At number 17 in YIMBY’s end-of-year development countdown, the residential and retail conversion of the 34-story Tribune Tower is nearing completion along Magnificent Mile.
The landmarked 463-foot-tall tower at 435 N Michigan Avenue was initially designed by John Meads Howells and Raymond Hood, as part of a high-profile competition for the Chicago Tribune’s new headquarters. Upon its completion in 1925, the Gothic Revival building would house the newspaper for 93 years up until 2018. The building sold to developers CIM Group and Golub & Company, who began plans to repurpose the space. The new programming is set to contain 47,500 square feet of retail, 162 condominium residences, and 55,000 square feet of amenities.
As far as the retail segment occupying the tower base, the co-developers planned a series of multi-level flagship stores facing Michigan Avenue to the west and Pioneer Court to the south.
As for the condominium residences, the unique layout of the existing floor plates have allowed for 56 different unit plans. These residences will occupy the top 30 stories of the main tower, as well as the two attached wings to the east. The architect of record Solomon Cordwell Buenz has designed a contemporary four-story addition for the northern wing, bringing its total height to 12 stories. Meanwhile, the southern wing will retain its existing seven floors.
Condominium residences will range in size from 1,106 square feet for a single bedroom to 4,345 square feet for a four-bedroom. Additionally, prices will scale from the $900,000s up to $7.6 million. According to a 2019 Forbes article, each of these units will be equipped with an array of features consisting of 6.5-inch hardwood flooring, premium appliance brands like Wolf and Sub-Zero, and cabinetry by Bovelli Custom Millwork. A portion of these listings will also be accompanied by ceiling spas of 10 feet and higher.
Residents will have access to a wide range of indoor amenity spaces, including a 7,000-square-foot fitness center and spa, a solarium, multiple dining and lounge areas, a kitchen, a billiards room, a driving range simulator, a co-working space with various meeting rooms, as well as a series of entertaining and event areas with a bar and prep kitchen. Most notably is a 75-foot-long indoor pool with expansive windows looking through the iconic Chicago Tribune sign.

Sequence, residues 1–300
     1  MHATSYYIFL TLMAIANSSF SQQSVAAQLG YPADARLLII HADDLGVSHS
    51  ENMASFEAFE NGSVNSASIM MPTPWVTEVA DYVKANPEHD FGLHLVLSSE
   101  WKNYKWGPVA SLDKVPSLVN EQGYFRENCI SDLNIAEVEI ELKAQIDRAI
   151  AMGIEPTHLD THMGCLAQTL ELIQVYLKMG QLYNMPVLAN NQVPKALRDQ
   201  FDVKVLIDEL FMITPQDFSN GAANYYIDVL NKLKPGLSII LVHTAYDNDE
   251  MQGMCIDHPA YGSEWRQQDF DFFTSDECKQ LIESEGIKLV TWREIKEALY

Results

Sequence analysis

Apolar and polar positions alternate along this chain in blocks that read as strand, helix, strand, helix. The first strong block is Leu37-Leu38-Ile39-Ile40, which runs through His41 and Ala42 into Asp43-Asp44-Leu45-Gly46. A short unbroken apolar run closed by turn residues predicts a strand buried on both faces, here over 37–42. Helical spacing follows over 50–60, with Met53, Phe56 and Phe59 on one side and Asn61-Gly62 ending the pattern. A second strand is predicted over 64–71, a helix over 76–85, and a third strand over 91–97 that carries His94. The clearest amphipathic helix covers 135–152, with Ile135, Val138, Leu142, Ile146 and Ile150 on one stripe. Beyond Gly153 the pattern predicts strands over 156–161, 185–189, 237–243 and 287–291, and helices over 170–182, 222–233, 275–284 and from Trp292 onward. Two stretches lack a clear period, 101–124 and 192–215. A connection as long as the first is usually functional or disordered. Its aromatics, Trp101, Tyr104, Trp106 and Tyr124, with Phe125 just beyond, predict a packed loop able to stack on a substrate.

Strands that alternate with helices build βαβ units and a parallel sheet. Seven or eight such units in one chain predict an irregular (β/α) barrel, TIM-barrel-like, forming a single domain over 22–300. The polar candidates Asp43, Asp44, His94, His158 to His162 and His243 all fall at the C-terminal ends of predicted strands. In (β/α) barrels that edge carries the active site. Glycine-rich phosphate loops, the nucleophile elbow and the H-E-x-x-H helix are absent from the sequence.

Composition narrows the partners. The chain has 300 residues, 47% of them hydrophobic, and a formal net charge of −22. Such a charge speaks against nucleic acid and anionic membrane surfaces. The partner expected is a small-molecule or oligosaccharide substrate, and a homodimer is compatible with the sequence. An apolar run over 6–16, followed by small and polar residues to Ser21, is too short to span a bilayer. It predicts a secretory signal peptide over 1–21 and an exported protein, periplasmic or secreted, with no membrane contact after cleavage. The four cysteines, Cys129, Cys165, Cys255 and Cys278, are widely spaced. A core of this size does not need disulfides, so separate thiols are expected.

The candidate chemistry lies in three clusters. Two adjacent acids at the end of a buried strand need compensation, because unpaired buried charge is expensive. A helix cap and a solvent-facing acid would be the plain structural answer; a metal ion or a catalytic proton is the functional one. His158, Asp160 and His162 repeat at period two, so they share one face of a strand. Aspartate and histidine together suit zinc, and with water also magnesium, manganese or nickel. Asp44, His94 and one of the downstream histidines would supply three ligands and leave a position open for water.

Outdoor spaces will comprise of a seventh floor deck with a terrace and grilling stations, a dog run, and a 1/3-acre park nestled between the two building wings. Lastly, the 25th floor will include The Crown Lounge and Terrace, from which residents can enjoy 360-degree city views and various amenities like fire pits, a chef’s grilling station, and an herb garden.
Plans for parking include 250 spaces amongst other available transportation options. A wide array of bus routes can be found within close proximity, including 2, 3, 26, 29, 65, 66, 120, 121, 124, 125, 143, 146, 147, 148, 151, 157, 850, 851, and 855. Nearest CTA L access consists of the Red Line’s Grand station, located a seven-minute walk northwest.
The tower lies within reach of multiple outdoor spaces for future tenants. The Chicago Riverwalk can be found via a five-minute walk south, while slightly further points of interest include Lake Shore East Park, Grant Park, and Navy Pier.
The Gettys Group is responsible for the interior design while OLIN is the landscape architect. Walsh Group is serving as general contractor for the roughly $150 million revamp, which is expected to complete next year.
Subscribe to YIMBY’s daily e-mail
Follow YIMBYgram for real-time photo updates
Like YIMBY on Facebook
Follow YIMBY’s Twitter for the latest in YIMBYnews
The contemporary addition, in my opinion, is atrocious and does not complement that original structure.
For the last nine decades the top of the Tribune Tower was beautifully and artfully lighted. It was a photographer’s delight and it was visible for miles around. I sincerely hope that this landmark aspect of the Tribune Tower NOT be tampered with. I pray this exterior lighting issue has been resolved in favor so that the Tribune Tower will always be lighted. It is that important.